Getting an Annulment in Louisiana
An annulment is different than a divorce in that it declares that the marriage should have never been valid. An annulment, also called a null marriage, can be granted in the state of Louisiana as long as certain circumstances are met.
There are two forms of annulment in Louisiana. The first is an absolute null marriage that makes the marriage completely invalid from the moment it began. The second is a relatively null marriage that makes the marriage invalid beginning at the time the judge declares it null.
What Qualifies For An Annulment?
Not everyone can get their marriage annulled. It is not a way to cheat the divorce process. You must meet specific requirements in order to have your marriage deemed null. Below are the following circumstances that allow you to file for an annulment:
- If one spouse was intoxicated during the time of the marriage ceremony
- If one spouse was not present during the marriage ceremony
- If one spouse was already married at the time of the marriage ceremony
- If the marriage ceremony was not legitimate
- If one spouse was underage at the time of the marriage ceremony
- If the spouses are related
- If one spouse was coerced into the marriage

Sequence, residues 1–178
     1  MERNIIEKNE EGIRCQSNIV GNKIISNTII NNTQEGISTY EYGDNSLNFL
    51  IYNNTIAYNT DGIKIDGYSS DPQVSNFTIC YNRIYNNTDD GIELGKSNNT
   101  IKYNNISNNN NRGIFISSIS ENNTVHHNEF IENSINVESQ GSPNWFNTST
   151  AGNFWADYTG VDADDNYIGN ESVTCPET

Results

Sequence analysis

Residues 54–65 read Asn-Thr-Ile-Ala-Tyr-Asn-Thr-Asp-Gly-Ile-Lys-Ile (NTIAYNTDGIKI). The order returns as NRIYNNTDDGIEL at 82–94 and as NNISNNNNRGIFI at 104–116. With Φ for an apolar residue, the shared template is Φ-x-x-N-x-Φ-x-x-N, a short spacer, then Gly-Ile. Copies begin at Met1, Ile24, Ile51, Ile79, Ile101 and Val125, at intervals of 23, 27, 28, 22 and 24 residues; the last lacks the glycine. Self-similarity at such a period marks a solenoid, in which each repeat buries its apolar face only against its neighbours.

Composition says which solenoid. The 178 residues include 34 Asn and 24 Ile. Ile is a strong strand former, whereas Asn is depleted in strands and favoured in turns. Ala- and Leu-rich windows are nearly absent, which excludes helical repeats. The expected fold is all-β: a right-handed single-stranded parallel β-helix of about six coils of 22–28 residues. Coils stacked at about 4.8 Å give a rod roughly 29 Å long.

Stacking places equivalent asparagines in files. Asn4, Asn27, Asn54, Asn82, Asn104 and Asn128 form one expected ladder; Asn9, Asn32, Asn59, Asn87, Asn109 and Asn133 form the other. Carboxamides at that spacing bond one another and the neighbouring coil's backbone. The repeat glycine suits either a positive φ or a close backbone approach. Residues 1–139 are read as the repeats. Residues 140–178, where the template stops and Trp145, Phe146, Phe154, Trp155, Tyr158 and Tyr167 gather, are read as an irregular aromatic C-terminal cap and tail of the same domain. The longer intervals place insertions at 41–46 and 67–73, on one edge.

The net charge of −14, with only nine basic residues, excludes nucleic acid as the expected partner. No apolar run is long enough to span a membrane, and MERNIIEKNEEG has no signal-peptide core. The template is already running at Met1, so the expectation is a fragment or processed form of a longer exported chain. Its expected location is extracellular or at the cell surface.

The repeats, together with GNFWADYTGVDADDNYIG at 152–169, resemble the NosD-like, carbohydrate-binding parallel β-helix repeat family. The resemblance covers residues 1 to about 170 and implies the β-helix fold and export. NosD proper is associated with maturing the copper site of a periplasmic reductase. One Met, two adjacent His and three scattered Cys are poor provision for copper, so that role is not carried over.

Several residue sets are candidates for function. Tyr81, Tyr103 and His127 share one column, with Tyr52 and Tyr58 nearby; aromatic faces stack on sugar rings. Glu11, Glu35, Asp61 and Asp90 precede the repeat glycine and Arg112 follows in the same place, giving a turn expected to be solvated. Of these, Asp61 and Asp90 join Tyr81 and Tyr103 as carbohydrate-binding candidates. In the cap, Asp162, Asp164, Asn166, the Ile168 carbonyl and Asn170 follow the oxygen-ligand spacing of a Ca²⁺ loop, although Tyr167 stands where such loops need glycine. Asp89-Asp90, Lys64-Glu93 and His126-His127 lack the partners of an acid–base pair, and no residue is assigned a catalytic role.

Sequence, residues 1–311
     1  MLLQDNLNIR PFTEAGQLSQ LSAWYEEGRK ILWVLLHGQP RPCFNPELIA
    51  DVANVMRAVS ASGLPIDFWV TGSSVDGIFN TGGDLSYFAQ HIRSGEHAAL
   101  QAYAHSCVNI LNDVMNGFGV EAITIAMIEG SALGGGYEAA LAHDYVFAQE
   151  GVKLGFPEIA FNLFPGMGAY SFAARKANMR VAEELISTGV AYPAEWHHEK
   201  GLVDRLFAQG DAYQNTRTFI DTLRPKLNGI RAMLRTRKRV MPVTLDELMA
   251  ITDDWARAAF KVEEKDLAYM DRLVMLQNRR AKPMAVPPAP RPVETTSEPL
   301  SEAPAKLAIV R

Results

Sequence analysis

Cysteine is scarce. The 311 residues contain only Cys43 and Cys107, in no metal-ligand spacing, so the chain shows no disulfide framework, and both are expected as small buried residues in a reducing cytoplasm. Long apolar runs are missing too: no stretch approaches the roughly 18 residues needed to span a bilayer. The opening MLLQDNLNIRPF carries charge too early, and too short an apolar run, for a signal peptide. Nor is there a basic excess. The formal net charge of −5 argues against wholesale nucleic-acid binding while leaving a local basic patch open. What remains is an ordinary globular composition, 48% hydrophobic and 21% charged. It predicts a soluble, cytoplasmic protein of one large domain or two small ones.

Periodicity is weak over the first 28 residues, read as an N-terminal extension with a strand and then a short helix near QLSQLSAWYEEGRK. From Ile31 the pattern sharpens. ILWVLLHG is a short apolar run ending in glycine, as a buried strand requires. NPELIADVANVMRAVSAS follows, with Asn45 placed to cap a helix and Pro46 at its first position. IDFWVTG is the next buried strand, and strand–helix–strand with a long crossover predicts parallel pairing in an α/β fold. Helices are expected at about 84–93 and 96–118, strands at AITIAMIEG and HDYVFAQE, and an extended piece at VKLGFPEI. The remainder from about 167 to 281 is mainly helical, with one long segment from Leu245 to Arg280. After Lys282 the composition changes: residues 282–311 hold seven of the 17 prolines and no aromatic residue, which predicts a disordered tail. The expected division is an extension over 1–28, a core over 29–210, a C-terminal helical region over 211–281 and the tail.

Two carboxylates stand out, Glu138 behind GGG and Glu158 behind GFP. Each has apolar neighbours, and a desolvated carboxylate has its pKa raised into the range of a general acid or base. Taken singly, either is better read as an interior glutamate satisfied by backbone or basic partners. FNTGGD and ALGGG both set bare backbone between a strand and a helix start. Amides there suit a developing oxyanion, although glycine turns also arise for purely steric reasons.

- If one spouse was mentally unable to make their own decisions during the marriage ceremony
How Do I Get An Annulment?
In order to annul your marriage, you will need to contact the clerk’s office at the district court of the parish you live in and ask for a Petition to Annul Marriage. This petition will include information like the city and state in which you were married and the reason for which you believe your marriage should be null. After you have filled out the petition you will file it with the district court and your spouse will be served with the subsequent paperwork. Then you will have a hearing with the judge and at that point, the judge will determine if your marriage should be annulled. If the judge decides it should be, he or she will sign paperwork deeming your marriage null.
The requirements may vary depending on the parish you are a resident in, so contact your district court with any questions concerning the specific requirements for an annulment.